Local officials fight for Pinellas County Job Corps Center
Jan 29, 2013 (Tampa Tribune - McClatchy-Tribune Information Services via COMTEX) --
ST. PETERSBURG -- The Pinellas County Job Corps Center will be unable to accept new students for at least five months following a decision by the U.S. Department of Labor to freeze enrollment at all 125 centers nationwide in a bid to rein in costs.
The centers are often a last chance for at-risk teenagers, providing free education, job training, lodging and help finding work. But without the enrollment freeze, the program was on track to be $61 million over its $1.6 billion budget, labor department officials said.
Halting enrollment may hit the Pinellas center harder than most. The two-year-old center, which is on 22nd Street South in the city's Midtown neighborhood, is still establishing itself, said state Rep. Kathy Castor, who has written to the Department of Labor asking for Pinellas to be exempted. Otherwise, the enrollment freeze may lead to staff layoffs and impacts in the local economy, she warned.
"I'm afraid the freeze in enrollment will be a serious setback," Castor said. "We're just connecting with employers."
Labor Department officials dropped an earlier cost-cutting plan that included closing six centers because of protests, Castor said.
"They originally exempted Pinellas job corps center from any cuts as they understood we are new," she said.
The $42 million center enrolled its first class in November 2010 and serves about 375 young people every year.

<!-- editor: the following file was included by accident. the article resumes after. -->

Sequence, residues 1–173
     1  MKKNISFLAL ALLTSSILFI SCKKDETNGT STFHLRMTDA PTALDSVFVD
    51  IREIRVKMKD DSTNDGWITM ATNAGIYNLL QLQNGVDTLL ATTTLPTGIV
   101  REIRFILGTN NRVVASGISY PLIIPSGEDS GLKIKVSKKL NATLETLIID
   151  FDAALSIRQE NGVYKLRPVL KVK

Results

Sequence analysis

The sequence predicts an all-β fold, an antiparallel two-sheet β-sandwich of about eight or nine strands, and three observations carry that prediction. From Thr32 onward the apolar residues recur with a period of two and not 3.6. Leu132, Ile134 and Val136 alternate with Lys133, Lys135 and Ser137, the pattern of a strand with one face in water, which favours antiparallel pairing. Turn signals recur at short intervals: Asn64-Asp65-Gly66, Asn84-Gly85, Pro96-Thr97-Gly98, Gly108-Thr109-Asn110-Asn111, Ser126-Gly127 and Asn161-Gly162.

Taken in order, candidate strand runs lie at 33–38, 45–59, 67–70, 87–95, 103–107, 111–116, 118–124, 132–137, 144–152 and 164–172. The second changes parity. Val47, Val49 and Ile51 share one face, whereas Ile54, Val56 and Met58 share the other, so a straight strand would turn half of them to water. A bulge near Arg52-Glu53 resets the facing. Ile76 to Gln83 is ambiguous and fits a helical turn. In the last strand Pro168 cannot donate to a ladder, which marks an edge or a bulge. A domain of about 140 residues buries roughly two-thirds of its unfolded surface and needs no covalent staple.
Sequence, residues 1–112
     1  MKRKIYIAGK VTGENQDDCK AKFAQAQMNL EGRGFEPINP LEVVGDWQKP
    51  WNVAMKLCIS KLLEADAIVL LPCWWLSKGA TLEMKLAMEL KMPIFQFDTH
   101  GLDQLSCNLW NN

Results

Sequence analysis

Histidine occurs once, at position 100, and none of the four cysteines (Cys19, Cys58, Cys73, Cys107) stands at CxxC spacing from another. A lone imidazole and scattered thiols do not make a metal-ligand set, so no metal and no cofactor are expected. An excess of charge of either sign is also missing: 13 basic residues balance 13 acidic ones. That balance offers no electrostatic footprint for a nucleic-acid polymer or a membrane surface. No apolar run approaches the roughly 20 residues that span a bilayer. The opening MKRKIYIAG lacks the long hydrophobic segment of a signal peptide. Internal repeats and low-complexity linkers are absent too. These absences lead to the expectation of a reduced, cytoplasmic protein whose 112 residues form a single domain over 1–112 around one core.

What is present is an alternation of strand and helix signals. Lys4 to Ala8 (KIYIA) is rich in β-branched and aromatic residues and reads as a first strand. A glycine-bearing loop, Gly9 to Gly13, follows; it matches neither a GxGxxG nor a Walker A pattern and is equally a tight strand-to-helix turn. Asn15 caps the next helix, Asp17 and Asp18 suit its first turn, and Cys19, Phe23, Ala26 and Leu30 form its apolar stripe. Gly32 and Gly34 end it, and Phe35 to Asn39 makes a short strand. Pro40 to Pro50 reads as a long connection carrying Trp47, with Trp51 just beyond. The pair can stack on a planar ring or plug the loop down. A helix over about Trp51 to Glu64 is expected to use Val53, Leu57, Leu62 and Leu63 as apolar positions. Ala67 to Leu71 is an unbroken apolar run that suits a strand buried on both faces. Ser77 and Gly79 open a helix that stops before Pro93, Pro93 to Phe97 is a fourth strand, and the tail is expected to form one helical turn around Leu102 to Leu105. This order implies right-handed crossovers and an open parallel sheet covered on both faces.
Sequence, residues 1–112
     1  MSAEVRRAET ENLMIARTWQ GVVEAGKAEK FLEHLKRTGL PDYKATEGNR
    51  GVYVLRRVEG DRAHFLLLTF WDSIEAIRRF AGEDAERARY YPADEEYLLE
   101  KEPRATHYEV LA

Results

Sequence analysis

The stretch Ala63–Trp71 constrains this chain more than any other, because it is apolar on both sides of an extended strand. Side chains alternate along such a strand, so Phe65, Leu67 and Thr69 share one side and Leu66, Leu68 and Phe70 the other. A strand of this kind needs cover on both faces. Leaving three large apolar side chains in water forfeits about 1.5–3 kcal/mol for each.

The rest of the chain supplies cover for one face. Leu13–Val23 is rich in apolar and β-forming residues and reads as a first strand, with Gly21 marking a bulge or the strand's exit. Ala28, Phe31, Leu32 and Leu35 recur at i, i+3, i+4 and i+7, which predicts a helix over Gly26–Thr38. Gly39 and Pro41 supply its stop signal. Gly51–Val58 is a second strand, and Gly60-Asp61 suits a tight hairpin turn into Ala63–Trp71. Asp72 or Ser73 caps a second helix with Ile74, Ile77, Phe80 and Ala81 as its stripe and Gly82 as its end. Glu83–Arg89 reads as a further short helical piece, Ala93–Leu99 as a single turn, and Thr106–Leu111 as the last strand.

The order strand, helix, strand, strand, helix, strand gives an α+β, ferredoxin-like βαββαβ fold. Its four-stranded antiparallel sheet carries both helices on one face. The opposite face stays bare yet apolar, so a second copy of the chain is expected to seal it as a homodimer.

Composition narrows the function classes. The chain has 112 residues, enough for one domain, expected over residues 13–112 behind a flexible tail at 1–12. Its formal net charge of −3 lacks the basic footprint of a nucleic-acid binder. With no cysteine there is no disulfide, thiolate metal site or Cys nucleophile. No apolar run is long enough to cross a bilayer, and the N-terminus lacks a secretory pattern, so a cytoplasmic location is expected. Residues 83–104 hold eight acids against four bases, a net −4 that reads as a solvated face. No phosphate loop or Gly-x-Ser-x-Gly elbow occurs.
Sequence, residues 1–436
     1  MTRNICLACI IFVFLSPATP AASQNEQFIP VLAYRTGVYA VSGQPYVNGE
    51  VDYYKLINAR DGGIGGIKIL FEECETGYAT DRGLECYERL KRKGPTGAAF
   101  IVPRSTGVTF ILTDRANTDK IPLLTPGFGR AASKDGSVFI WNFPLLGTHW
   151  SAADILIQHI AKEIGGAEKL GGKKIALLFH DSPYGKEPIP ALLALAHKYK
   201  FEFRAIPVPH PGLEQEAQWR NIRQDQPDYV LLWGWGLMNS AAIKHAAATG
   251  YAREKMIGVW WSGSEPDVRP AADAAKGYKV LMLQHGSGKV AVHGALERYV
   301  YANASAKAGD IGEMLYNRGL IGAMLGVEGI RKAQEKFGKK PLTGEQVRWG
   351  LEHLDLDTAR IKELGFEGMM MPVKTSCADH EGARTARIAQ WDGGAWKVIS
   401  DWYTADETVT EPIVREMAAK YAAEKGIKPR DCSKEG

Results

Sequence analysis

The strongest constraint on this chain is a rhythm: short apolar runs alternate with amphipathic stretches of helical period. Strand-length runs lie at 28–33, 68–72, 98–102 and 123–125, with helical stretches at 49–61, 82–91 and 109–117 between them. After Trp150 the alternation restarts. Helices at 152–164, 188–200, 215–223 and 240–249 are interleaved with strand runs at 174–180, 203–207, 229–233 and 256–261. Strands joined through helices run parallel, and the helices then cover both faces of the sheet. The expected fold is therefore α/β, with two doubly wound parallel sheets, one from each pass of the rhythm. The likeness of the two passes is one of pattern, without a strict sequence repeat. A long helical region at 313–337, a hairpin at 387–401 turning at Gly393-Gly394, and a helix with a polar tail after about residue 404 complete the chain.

Labor Department officials said they are reviewing every cost of the program as they look to lift the hiring freeze by June 30.
"The temporary suspension will give us a pause and ensure current Job Corp students receive the best possible training," said Scott Allen, a spokesman for the Labor Department. "We're still anticipating we will train 54,000 students this year."
Centers originally slated for closure will be required to cut the number of program spaces, Allen said.
Job Corps centers accept students as young as 16. Typically, the program serves homeless and runaway students and those who are failing in traditional school settings and considered at risk of dropping out. Once enrolled, they get job training and the chance to earn a high school diploma.
Exemptions to the enrollment freeze can be made for homeless students, according to the Jobs Corps website.
With Congress grappling with a huge budget deficit, Castor said she fears there may be more cuts to the program.
"Congress is about to have a big battle," Castor said. "If you start cutting now, they will say this is ripe for additional cutbacks."
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